I came across a playground with an interesting name while wandering through Red Hook, Brooklyn, somewhere within a year or two before launching The New Leaf Journal. The name made me chuckle, but because I did not have anywhere to share it, I neglected to take a photograph with my former trustworthy BlackBerry Classic. On November 27, 2023, I happened upon the Bush Clinton Playground for the first time in a few years. This time, I documented the occasion:

Photograph of the black New York City Parks Department sign for Bush-Clinton Playground in Red Hook, Brooklyn.

The Bush-Clinton Playground comes from Bush and Clinton Streets, which it is bound by. The New Leaf Journal features many articles featuring photos from Clinton Street in Brooklyn Heights, Cobble Hill, and Carroll Gardens, but not before now from Red Hook (where it terminates on one end near the East River). I am not as familiar with Bush Street because it is limited to Red Hook and not where I usually walk when I go to the neighborhood.

The name Bush-Clinton Playground amused me because our 42nd and 43rd Presidents were George H.W. Bush and Bill Clinton, respectively. To add to the significance, our 44th President, George W. Bush, made Bill Clinton the second President (see article on the first) to be bracketed by two Presidents having the same last name and the first to be bracketed by two Presidents having the same last name who were not both the same Grover Cleveland.

While I found the name amusing, I knew when I first crossed paths with Bush-Clinton Park that it was not in fact named after Presidents Bush and Clinton. Readers of my recent article on New York’s former Evacuation Day holiday will know that New York has a long history of politically involved Clintons. New York’s Governor during the British evacuation of New York City on November 25, 1783, was a certain George Clinton. George Clinton’s son, DeWitt Clinton, later served as Mayor of New York City and as Governor of New York. He was also the Federalist Party’s nominee for President in 1812. I knew that Clinton Street was named after DeWitt Clinton. I was not sure where Bush Street came from.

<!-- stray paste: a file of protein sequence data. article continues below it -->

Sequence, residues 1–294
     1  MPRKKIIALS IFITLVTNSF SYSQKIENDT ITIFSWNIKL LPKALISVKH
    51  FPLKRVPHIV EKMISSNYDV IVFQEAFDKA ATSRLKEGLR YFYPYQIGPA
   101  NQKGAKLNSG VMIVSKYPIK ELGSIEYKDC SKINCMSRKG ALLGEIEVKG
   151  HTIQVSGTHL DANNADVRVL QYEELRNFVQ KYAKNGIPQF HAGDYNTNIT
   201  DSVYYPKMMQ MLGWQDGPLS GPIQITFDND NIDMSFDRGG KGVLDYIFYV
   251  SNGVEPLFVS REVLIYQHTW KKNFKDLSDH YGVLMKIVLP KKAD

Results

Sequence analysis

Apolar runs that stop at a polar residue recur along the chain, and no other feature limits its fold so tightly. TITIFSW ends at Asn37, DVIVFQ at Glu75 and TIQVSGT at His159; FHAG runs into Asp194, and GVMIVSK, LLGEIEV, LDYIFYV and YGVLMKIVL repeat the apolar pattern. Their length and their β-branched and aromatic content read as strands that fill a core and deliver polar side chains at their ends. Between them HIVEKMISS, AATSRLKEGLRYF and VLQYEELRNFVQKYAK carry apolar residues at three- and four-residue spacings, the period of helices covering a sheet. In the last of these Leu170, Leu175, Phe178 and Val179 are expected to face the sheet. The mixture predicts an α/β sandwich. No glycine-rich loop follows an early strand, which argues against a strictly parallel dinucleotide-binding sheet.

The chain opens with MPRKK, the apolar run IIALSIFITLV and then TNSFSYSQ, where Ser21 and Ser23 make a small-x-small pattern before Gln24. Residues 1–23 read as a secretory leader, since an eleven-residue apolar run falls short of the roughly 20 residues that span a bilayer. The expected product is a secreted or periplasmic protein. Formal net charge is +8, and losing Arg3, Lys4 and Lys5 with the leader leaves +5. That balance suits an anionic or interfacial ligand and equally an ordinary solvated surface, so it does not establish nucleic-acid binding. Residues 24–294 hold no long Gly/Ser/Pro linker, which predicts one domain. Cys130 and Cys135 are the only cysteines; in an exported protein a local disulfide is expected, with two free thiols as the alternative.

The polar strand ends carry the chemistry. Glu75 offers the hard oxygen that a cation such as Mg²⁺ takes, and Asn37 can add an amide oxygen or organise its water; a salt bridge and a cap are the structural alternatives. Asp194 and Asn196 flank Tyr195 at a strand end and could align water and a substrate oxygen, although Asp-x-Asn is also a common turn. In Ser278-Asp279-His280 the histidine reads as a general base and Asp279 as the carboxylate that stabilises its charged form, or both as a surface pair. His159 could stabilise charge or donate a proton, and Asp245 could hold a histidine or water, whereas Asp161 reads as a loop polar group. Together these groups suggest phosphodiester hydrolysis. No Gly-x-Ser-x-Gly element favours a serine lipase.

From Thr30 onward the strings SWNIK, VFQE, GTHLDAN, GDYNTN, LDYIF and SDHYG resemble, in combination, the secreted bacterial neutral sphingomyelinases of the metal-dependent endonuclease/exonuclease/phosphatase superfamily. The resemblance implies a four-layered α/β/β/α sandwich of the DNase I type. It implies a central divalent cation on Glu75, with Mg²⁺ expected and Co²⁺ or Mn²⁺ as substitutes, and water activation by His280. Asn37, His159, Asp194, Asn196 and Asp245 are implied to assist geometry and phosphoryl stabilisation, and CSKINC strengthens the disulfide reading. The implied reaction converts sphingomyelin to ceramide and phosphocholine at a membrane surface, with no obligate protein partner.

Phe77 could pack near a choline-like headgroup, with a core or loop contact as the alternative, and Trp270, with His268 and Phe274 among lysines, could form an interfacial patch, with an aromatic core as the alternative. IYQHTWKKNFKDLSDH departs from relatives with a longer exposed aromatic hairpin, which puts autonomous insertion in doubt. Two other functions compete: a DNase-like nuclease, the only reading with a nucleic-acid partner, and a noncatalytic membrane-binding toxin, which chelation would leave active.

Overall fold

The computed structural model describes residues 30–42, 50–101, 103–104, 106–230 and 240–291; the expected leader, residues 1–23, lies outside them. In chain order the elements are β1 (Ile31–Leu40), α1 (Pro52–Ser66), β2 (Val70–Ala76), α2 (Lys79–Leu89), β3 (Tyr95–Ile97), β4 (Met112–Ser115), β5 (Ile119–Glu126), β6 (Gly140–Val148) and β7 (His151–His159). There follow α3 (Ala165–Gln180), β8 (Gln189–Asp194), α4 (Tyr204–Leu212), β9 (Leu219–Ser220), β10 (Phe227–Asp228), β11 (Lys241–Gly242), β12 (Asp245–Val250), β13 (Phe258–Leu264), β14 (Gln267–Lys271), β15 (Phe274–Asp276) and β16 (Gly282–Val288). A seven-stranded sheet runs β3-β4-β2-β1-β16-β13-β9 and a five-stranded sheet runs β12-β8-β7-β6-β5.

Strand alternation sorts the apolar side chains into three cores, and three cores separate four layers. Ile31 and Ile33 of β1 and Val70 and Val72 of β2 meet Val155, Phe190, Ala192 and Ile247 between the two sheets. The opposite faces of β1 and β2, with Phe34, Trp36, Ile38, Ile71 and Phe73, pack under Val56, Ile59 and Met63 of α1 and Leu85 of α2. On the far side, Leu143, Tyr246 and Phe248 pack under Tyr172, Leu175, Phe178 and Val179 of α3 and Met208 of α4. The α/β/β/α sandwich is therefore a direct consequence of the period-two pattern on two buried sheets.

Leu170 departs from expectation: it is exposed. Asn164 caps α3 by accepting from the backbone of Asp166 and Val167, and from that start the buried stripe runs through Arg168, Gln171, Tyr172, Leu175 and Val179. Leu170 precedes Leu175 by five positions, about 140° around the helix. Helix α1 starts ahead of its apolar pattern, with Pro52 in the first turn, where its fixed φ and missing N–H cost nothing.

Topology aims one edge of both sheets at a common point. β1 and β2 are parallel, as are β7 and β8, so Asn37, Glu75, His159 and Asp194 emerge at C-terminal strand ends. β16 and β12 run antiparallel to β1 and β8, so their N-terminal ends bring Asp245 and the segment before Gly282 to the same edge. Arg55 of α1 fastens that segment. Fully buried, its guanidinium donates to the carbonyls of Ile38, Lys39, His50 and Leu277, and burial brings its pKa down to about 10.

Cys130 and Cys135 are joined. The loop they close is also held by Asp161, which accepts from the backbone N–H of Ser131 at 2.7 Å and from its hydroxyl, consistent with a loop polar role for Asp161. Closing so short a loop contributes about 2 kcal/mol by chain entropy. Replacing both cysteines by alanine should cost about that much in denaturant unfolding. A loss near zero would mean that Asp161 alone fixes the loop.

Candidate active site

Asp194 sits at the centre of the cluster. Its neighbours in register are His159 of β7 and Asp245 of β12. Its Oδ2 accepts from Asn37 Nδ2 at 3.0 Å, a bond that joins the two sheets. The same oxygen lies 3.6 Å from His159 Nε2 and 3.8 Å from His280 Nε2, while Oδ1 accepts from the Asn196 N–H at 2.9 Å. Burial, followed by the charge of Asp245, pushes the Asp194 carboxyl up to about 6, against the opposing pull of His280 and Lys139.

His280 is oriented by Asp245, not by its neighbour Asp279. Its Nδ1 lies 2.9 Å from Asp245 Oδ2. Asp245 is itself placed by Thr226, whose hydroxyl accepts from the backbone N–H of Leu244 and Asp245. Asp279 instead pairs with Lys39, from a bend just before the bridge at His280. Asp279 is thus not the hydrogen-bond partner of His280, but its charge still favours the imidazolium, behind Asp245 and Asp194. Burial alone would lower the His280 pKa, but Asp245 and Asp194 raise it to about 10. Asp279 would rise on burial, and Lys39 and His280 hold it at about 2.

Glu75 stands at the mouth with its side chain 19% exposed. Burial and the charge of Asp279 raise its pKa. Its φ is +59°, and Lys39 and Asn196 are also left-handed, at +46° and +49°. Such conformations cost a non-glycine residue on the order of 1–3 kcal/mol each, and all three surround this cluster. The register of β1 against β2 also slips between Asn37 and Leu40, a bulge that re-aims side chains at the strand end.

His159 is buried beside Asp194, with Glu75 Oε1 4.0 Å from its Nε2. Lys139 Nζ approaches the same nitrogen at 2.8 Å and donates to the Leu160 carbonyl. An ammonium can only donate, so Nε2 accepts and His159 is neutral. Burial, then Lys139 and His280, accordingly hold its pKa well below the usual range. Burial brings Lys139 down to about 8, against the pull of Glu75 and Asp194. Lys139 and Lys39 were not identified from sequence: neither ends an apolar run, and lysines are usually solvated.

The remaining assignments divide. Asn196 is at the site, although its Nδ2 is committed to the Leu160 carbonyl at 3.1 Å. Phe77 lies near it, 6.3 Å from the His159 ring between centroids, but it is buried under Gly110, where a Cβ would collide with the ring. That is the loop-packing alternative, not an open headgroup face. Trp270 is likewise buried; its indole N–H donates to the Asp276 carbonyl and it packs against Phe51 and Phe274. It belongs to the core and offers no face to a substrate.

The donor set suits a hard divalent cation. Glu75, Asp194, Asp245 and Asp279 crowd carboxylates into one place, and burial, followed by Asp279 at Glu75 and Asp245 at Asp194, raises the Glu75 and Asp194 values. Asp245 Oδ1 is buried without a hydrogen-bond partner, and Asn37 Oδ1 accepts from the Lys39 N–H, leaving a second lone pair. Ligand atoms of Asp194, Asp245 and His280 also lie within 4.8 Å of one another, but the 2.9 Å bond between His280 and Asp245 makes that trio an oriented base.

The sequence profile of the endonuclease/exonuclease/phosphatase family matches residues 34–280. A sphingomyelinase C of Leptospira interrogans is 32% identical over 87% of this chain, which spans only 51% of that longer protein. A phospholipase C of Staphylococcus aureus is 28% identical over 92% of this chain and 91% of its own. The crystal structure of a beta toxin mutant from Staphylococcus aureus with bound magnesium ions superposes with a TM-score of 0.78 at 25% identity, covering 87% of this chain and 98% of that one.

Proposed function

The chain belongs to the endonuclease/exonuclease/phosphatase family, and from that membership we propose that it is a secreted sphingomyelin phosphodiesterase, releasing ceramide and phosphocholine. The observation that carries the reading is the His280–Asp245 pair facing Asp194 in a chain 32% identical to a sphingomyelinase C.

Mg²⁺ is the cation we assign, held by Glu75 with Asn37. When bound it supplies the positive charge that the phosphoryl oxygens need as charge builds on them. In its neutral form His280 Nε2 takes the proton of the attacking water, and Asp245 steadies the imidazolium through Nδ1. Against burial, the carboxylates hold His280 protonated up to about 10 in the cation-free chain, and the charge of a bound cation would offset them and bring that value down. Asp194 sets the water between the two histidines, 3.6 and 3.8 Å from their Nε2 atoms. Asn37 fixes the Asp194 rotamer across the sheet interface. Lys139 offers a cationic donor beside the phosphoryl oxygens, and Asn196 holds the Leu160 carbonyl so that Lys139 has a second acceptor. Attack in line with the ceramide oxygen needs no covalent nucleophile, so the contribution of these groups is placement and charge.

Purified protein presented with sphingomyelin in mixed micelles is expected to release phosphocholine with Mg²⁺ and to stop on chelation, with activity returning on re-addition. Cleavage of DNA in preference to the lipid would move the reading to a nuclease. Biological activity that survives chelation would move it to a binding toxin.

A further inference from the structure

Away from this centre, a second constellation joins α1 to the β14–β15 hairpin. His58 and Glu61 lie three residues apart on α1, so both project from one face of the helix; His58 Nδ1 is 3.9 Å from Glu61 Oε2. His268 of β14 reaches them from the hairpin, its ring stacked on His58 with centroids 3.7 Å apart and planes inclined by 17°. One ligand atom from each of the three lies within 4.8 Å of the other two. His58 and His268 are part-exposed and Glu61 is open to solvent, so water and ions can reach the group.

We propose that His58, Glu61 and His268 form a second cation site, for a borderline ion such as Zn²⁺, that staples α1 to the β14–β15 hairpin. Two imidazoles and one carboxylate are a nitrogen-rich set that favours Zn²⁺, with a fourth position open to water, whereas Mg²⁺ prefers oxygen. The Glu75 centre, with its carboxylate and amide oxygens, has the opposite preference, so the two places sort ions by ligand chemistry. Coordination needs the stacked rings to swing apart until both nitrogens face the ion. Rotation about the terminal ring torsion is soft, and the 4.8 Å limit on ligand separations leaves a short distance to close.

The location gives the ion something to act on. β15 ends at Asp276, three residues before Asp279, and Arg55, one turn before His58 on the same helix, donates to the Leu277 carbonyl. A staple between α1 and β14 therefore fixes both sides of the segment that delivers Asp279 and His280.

A cursory search for Bush-Clinton Playground brought me to the New York City Department of Parks and Recreation page for the site. Let us see what it had to say about Bush Street:

Bush Street was most likely named for one of the many prominent Bush families who lived in the neighborhood. Clinton Street is named after De Witt Clinton (1769-1828), who served as the Mayor of New York City, as a member of the United States Senate, and ultimately as the Governor of New York.

While there is no doubt about the origin of Clinton Street, there appears to be some ambiguity about Bush Street. The suspicions raised by the opening paragraph are borne out later in the post:

Because of the many notable figures in the neighborhood with the Bush namesake, it is less clear who exactly lent his name to the street. Tracing back to the earliest colonists, one finds a Hendrick A. Bush who came from Lynden in the Netherlands to settle in New Amsterdam. Dutch immigrants settled the neighborhood of Red Hook in 1636, calling it Roode Hoek due to the reddish color of the soil and the distinctive shape of the land.

It seems like Bush Street was named for a prominent Bush – perhaps Hendrick A. Bush, but we are not entirely sure which Bush.